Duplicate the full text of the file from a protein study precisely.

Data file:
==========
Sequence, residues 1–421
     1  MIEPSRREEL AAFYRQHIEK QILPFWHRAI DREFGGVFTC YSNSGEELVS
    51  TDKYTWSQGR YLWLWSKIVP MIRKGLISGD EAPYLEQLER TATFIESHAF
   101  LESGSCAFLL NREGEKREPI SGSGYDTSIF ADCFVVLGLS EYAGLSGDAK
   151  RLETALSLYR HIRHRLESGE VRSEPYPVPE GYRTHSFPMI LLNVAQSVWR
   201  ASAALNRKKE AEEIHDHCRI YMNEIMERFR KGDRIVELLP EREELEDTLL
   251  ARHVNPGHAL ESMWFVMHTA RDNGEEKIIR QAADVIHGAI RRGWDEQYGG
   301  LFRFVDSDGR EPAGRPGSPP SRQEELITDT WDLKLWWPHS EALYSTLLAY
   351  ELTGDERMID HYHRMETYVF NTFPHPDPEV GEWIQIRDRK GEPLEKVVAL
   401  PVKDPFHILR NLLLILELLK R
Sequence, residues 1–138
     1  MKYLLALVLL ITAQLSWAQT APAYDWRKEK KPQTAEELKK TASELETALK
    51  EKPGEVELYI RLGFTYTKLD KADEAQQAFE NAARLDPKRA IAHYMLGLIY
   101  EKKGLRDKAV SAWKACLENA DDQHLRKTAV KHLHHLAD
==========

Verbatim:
Sequence, residues 1–421
     1  MIEPSRREEL AAFYRQHIEK QILPFWHRAI DREFGGVFTC YSNSGEELVS
    51  TDKYTWSQGR YLWLWSKIVP MIRKGLISGD EAPYLEQLER TATFIESHAF
   101  LESGSCAFLL NREGEKREPI SGSGYDTSIF ADCFVVLGLS EYAGLSGDAK
   151  RLETALSLYR HIRHRLESGE VRSEPYPVPE GYRTHSFPMI LLNVAQSVWR
   201  ASAALNRKKE AEEIHDHCRI YMNEIMERFR KGDRIVELLP EREELEDTLL
   251  ARHVNPGHAL ESMWFVMHTA RDNGEEKIIR QAADVIHGAI RRGWDEQYGG
   301  LFRFVDSDGR EPAGRPGSPP SRQEELITDT WDLKLWWPHS EALYSTLLAY
   351  ELTGDERMID HYHRMETYVF NTFPHPDPEV GEWIQIRDRK GEPLEKVVAL
   401  PVKDPFHILR NLLLILELLK R
Sequence, residues 1–138
     1  MKYLLALVLL ITAQLSWAQT APAYDWRKEK KPQTAEELKK TASELETALK
    51  EKPGEVELYI RLGFTYTKLD KADEAQQAFE NAARLDPKRA IAHYMLGLIY
   101  EKKGLRDKAV SAWKACLENA DDQHLRKTAV KHLHHLAD